There are likely many more cultures that parallel each other with certain characteristics in separate locations. What is interesting to see is that perhaps a more advanced culture first resided in an region that was ousted from the area by locals who commandeered the knowledge getting credit as "natives" for something an original culture of the region actually began.
Paracas: (also known as the elongated skull people of Peru)
an Andean society between approximately 800 BCE and 100 BCE, with an extensive knowledge of irrigation and water management. Interestingly, the Nazca culture took over the region after the Paracas (magically) right when the Paracas went bye-bye around 100 BC. Hmm (*an ousted race replaced by the ousters?)
HoHoKam: In North America, the Hohokam were the only culture to rely on irrigation canals to water their crops, and their irrigation systems supported the largest population in the Southwest by AD 1300 when they then disappeared off the radar. Archaeologists working at a major archaeological dig in the 1990s in the Tucson Basin, discovered their possible "ancestors." (source "what we’re doing now is stripping off those canals. We stripped below them to a lower cultural horizon that dates from about 1250 B.C. to around 1150 B.C., 1100. along the Santa Cruz River), identified a culture and people that were ancestors of the Hohokam that might have occupied southern Arizona as early as 2000 BC." (*Is it possible that this culture just found in the Tucson Basin referred to as possible ancestors for HoHoKam might have actually been predecessors?)
Lovelock Cave: Amazing tule woven duck decoys and other items were found in Lovelock cave in the early 1900s along with the giant skeletons the Paiutes reported their ancestors burning to death in the cave long ago. An unusual skull was hidden away in the basement of a museum and the tule items on display as reportedly Paiute work.
Source: Anasazi have been dated back to 12,000 BCE. The latter culture in this region were the Chacoan people who began in the mid 800s and lasted more than 300 years. We can see it clearly in the grand scale of the architecture. Using masonry techniques unique for their time, they constructed massive stone buildings (Great Houses) of multiple stories containing hundreds of rooms much larger than any they had previously built. The buildings were planned from the start, in contrast to the usual practiced of adding rooms to existing structures as needed. Constructions on some of these buildings spanned decades and even centuries. Although each is unique, all great houses share architectural features that make them recognizable as Chacoan.... What was at the heart of this great social experiment? Pueblo descendants say that Chaco was a special gathering place where many peoples and clans converged to share their ceremonies, traditions, and knowledge. Chaco is central to the origins of several Navajo clans and ceremonies. Chaco is also an enduring enigma for researchers. Was Chaco the hub of a turquoise-trading network established to acquire macaws, copper bells, shells, and other commodities from distant lands? Did Chaco distribute food and resources to growing populations when the climate failed them? Was Chaco "the center place," binding a region together by a shared vision? We may never fully understand Chaco.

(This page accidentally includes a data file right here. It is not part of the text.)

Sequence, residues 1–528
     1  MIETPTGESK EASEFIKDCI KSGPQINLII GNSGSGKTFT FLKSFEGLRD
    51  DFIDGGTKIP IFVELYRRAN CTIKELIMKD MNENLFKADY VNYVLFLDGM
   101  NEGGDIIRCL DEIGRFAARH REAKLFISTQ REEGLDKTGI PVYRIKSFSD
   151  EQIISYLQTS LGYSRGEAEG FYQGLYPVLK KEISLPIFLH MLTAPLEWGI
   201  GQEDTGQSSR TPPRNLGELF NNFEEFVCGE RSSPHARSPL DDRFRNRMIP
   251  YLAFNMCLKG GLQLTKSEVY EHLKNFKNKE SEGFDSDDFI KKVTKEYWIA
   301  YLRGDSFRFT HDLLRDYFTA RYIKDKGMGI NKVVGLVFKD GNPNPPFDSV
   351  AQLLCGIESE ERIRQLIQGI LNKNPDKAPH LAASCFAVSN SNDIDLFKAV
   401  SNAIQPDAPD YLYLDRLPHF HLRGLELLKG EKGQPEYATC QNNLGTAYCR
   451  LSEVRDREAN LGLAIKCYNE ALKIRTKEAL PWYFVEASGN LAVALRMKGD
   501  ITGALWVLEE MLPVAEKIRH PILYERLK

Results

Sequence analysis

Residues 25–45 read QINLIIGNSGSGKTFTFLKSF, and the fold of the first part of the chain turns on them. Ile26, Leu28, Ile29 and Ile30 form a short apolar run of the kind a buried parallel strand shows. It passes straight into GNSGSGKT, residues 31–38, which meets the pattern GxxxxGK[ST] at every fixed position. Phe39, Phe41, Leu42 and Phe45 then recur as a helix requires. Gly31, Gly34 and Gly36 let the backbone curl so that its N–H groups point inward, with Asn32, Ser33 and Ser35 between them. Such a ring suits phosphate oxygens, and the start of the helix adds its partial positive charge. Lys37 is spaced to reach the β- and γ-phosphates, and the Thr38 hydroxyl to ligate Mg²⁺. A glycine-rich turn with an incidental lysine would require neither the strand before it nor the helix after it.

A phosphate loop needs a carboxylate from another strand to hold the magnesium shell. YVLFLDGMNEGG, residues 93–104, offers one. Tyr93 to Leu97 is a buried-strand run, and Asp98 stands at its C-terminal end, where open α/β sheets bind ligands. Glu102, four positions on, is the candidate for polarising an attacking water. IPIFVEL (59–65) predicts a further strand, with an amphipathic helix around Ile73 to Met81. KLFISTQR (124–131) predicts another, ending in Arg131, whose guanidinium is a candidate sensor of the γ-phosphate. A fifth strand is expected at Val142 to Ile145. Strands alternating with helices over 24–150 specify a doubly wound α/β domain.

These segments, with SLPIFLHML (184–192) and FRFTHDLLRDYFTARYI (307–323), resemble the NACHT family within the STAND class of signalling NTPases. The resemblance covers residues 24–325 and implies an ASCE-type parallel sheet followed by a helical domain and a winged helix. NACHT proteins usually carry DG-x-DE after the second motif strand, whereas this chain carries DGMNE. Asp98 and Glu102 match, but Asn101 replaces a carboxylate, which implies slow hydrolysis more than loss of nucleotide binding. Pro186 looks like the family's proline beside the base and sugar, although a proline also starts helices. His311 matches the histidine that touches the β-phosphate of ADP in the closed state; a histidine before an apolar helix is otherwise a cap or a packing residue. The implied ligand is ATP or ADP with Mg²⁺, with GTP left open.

Repeatedly, these things are found at the sites of ancient giant skeleton finds -
Animal effigies, both carved into bowls and pipes and as petroglyphs in rock and geoglyphs on the land
Copper mining areas
Waterways, major lakes/rivers with access to ocean often
Elongated skulls with prominent brow ridges
Mounds that appear like sawed off pyramids
Sarcophagi, stone burial coffins
Adornment with shells, freshwater pearls
Astronomical alignment stone structures
Unusually built structures ahead of their time
Bones found in caves
Heiroglyphs that to some look known languages around the world
Signs of cannibalism
Bodies adorned with red ochre at death
This all gets quite murky when one considers that native cultures have adopted almost all of these characteristics into their heritage. It becomes more difficult to pick apart where the giant culture began the process and where the tribes that moved in took over the giant culture's arts and technology and over time made it their own.
The ironic thing is that we see these universal features in "Native" groups around the globe and they cropped up simultaneously from stone megaliths to human sacrifice, language to use of metals. Either you can believe that, separated by continents, prehistoric man was developing nearly identical technology and arts, or they were influenced by something that was there when they arrived- a universally spread race of primitive-looking people who took their knowledge from perhaps Asia and spread it around the world as they took to the seas to conquer and settle.
My stand on this subject is that this ancient giant culture evolved ahead of homo sapiens (likely a branch of homo erectus) and began all this world travel by sea and industry, taking its knowledge to new places. Then, perhaps a hundred thousands years later, when homo sapiens arrived into these regions, they took on these sites of the giants, likely after skirmishes and wars with these carnivorous kind. This allows for newer and less "artful" versions of reverse engineering what the "originators" did.
What we are likely to see archaeologists mulling over is lesser creations beside better creations, half built sites, crude attempts at recreations nearby, or even "natives" taking on the building and adopting credit by their ancestors.
I believe such things have been found at places like the pyramids and Easter Island, as well as Mexico, Central and South America.
In fact, if you go down the list of characteristics of ancient giant cultures, you also come to realize, these were their contributions to mankind that followed.